Safety with Children
As a caretaker, you can maximize safety and minimize risk by thinking proactively. Try to be aware of potential dangers in every situation. Safety should always be on your mind.
Ordinary objects around the house can be dangerous in the hands of children. Keep the following things away from children:
- Plastic bags (to avoid suffocation danger in young children)
- Small toys that could be swallowed (by young children) - if it is small enough to fit inside of a toilet paper roll, a small child can choke on it
- Sharp objects, including knives and sticks
- Household chemicals, including cleaners and medicine
- Matches and lighters
- Cords and wires (for young children)
Driving while under the influence of alcohol is a very serious crime. If you are caught driving while intoxicated, you will face legal consequences, and will very likely be required to return to your home country. Do not drink and drive under any circumstances.
Talking on a cell phone while driving is never a good idea. When you are driving, you should be concentrating on safe driving, not on your conversation. Save the telephone call and texting for later.
Make sure the children fasten their seatbelts, even on short trips; most accidents occur within 20 miles from home. Additionally, seatbelts are required by law - you may face legal consequences if the police pull you over and the children are not using seatbelts.
Children under 12 years of age should never sit in the front seat.
Lock the doors when the car is in motion.
Child seat laws are different in every country. Find out what the local regulations are regarding child car seats, and follow the law: You may face legal consequences if you do not follow child safety seat rules. If your host family uses safety seats, make sure you understand how to operate them correctly.
Don’t allow the children to stick their hands or heads out the windows.
Never ever leave children alone in the car - even for a few minutes.
Stay focused on your driving - if the children are getting too distracting by fighting or making too much noise, pull safely over to the side of the road and solve the problem.
Drive carefully! You have precious cargo!
Talk with your host family about where the children are allowed to ride their bikes and scooters.
Children should not ride outside after dark.
Make sure the children wear their helmets (a law in many places) and other protective gear.
Discourage children from doing dangerous tricks and don’t let them give rides to other children on bicycle handlebars.
Supervise the children skating and biking, especially if they are in or near the street.
When cooking on the stove, turn pot handles in, so that young children can’t reach up and pull down a pot.
Don’t leave your cooking unattended. If you are cooking and you need to leave the stove to go to another part of the house, turn the stove off until you get back.
Know where the family keeps its fire extinguishers, and know how to use it. Do not attempt to put out a large fire with a fire extinguisher.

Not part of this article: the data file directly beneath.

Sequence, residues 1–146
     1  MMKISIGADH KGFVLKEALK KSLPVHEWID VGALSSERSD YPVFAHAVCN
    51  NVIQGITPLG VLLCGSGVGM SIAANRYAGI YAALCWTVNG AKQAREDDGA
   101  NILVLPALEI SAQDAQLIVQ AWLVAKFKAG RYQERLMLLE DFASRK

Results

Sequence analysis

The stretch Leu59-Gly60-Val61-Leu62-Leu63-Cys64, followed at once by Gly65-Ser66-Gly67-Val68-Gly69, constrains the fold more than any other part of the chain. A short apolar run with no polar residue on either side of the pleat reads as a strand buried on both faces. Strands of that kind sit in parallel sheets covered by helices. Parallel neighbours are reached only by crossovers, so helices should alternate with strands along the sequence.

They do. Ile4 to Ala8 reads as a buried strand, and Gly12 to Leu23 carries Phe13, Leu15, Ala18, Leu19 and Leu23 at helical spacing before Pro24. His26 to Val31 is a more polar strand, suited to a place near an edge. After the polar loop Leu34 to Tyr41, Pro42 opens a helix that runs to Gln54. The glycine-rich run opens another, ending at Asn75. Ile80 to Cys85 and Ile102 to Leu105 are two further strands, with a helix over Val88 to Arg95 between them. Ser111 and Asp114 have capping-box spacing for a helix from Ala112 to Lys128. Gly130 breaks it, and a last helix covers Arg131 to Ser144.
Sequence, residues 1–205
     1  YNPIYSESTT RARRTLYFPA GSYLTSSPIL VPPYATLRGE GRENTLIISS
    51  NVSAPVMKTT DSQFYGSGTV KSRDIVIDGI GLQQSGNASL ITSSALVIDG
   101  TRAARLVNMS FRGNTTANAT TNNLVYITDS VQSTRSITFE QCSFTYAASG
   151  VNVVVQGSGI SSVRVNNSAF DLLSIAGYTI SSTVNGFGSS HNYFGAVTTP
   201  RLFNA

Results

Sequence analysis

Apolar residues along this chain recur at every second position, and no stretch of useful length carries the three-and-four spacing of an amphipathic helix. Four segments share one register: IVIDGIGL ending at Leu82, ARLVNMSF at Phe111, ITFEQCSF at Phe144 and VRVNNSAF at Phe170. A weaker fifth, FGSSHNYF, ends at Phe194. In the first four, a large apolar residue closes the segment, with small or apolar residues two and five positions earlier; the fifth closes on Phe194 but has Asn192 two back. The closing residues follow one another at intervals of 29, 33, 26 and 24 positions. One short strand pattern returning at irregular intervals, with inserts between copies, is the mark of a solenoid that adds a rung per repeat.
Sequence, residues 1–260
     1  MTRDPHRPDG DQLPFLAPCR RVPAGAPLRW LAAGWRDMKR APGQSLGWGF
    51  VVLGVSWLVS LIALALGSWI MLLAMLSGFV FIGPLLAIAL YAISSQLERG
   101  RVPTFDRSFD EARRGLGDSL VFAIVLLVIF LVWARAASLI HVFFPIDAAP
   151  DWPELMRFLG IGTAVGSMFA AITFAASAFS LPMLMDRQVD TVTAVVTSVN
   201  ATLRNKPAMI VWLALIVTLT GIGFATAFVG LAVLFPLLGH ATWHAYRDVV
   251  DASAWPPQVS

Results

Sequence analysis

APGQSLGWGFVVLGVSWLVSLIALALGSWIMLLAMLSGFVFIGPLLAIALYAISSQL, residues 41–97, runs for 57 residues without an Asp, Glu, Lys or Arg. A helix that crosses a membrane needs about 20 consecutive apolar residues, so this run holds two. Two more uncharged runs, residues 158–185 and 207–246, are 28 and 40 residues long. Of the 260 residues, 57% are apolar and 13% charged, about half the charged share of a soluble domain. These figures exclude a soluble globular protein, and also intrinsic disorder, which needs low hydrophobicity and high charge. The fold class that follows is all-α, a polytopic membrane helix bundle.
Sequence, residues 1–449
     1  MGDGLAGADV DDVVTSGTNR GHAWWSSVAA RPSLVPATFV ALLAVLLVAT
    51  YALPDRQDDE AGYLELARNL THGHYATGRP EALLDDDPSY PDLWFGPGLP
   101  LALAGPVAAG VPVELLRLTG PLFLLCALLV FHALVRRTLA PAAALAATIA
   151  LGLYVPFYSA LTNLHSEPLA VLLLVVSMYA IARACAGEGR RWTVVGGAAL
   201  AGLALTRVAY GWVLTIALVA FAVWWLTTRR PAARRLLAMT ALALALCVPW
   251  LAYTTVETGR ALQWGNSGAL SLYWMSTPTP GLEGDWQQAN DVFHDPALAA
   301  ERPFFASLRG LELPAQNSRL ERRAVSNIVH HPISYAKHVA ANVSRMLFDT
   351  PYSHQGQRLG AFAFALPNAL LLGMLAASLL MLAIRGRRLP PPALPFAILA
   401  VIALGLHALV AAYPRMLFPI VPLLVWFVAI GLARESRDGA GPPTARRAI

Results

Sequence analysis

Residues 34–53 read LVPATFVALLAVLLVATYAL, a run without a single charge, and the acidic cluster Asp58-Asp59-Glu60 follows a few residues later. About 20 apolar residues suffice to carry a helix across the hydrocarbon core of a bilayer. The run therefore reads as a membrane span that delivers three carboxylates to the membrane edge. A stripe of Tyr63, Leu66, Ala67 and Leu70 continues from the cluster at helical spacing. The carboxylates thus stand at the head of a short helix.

Do not throw water on a grease fire - use flour instead.
Don’t allow the children to play with or near the oven or microwave.
Never leave the child alone in or near an open pool. It only takes a minute to drown.
Don’t let children rely on inflatable devices like rafts or water wings in the pool - they can leave the child in a dangerous situation if they deflate or float away from the child.
Supervise younger children carefully when you bathe them. Young children can drown in only a few inches of water. Even older children can be very hurt from falls in the tub. If the phone rings or you have to leave the bathroom temporarily, take the children out of the tub.
If you have a toddler in the house, remember to put the lid down on the toilet - toddlers can fall in and actually drown.
Never leave the child unattended in the stroller or carriage - even for a minute.
Never, ever push the stroller onto an escalator. Fold the stroller and carry the child.
Always use the stroller’s restraint system.
Never allow the child to stand in the stroller or carriage.
Keep the child away from the stroller when folding and unfolding it. Little fingers can get hurt in the folding mechanism.
Don’t hang bags on the stroller handles. This can make the stroller back-heavy, causing it to tip over.
Keep the doors locked.
When answering the phone, don’t let the caller know that you are home alone unless you know who they are. Tell callers that the other adults in the house are unavailable, or that they cannot come to the phone, and take a message.
If someone comes to the door and wants you to open the door, do not let them in the house unless you are sure who they are. Workers for the water, gas, and electric companies have official identification, and you should ask to see it. Delivery men with packages should wear a uniform with identification from the company they work for. Employees for these companies will also drive vehicles that clearly identify their company or business - look out the window and see if your visitor drives an appropriate vehicle.
If someone you don’t know comes to the door and wants to use the telephone because it’s an emergency, offer to make the call for them. Don’t let them in the house if you don’t know who they are.
Trust your instincts. If you don’t feel comfortable letting someone in the house, don’t! It is absolutely OK if you tell them to come back later.